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Disarming Nepal's Maoists

United Nations monitors have arrived in Nepal at the request of both the government and the Maoists to begin monitoring adherence by both sides to their commitments under the Comprehensive Peace Agreement. These commitments include the containment of Maoist arms and combatants to seven camps and the restriction to barracks of much of the Nepal army.

On January 15th, the Maoists are expected to begin placing their weapons in secure containers within their containment areas, monitored by the U.N. team. The Nepal army will store an equal number of its arms under the observation of U.N. monitors.

With the commencement of "arms management" on January 15th, the government of Nepal says that it will then announce an interim constitution, while a new, interim legislature is formed with Maoist participation. An interim government is expected to be formed sometime thereafter, that will govern Nepal until its constituent assembly meets following elections to that body next June. That assembly will then begin drafting a permanent constitution.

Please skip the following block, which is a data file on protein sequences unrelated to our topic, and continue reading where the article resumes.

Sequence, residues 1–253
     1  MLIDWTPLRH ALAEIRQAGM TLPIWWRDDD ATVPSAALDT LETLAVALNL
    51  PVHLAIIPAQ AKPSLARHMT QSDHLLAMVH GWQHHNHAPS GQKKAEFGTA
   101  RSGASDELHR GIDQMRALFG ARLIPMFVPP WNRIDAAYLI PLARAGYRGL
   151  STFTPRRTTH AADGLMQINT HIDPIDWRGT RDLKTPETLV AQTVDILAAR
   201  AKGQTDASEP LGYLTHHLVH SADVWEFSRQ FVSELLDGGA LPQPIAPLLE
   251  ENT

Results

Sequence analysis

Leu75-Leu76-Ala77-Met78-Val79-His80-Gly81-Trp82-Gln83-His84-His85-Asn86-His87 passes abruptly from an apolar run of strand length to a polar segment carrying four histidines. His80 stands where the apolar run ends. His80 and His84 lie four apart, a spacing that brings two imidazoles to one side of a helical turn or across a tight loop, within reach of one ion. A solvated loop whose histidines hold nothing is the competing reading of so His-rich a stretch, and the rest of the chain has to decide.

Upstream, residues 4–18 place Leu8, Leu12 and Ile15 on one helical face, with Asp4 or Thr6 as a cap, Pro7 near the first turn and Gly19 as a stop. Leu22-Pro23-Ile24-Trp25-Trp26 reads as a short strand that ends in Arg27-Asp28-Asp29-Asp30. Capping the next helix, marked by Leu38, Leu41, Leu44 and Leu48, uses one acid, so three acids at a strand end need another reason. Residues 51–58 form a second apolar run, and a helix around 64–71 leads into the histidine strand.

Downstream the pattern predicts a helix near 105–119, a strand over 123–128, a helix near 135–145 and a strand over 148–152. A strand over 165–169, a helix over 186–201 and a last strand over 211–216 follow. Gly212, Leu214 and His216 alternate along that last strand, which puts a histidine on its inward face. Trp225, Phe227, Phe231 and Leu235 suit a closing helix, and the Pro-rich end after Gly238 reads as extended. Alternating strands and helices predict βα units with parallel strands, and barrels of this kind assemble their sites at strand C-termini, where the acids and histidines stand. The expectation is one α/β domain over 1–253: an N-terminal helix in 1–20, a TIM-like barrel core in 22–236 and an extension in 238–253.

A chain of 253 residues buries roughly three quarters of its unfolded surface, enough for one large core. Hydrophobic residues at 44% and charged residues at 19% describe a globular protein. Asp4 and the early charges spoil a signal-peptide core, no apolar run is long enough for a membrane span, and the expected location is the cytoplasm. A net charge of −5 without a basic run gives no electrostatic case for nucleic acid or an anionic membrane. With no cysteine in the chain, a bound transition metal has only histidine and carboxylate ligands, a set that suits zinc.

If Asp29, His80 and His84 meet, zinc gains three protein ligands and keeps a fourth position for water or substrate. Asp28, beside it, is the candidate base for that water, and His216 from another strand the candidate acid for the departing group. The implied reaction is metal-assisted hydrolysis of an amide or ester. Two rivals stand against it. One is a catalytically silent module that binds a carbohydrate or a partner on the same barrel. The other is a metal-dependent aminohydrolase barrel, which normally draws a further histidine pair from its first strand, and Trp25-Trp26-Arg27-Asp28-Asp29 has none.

More than thirteen-thousand people have been killed since the Maoist insurgency began in 1996. U.S. Ambassador to Nepal James Moriarty says the Maoist rebels have yet to prove that they will live up to the terms of the peace accord. “Have they stopped violence?” said Mr. Moriarty “I don’t know. Kidnappings, violence and intimidation are continuing,” he said.

According to the Conflict Study Center, a Nepal-based non-governmental organization, Nepali citizens continue to suffer extortion and violence from Maoist rebels. A recent report by the center says, “Abductions of persons who do not agree with [the Maoist rebels] are still occurring and they continue to harass political leaders, human rights defenders, and journalists.”

Human rights activist Gopal Siwakoti says the insurgents continue to commit serious human rights abuses, including forcing children to serve as combatants. The owner of a tourism business in Kathmandu says Maoists extorted money from him by threatening to bomb his office. “Only a few days ago, we paid a huge sum of money to the Maoists and even their leaders and the government know what is happening but they are doing nothing about it,” he said.

The U.S. Embassy in Nepal says, “Nepal’s transition to democracy will only be damaged if one party feels it is free to advance its political agenda through violence and threats, despite its commitments to contrary.”

The preceding was an editorial reflecting the views of the United States Government.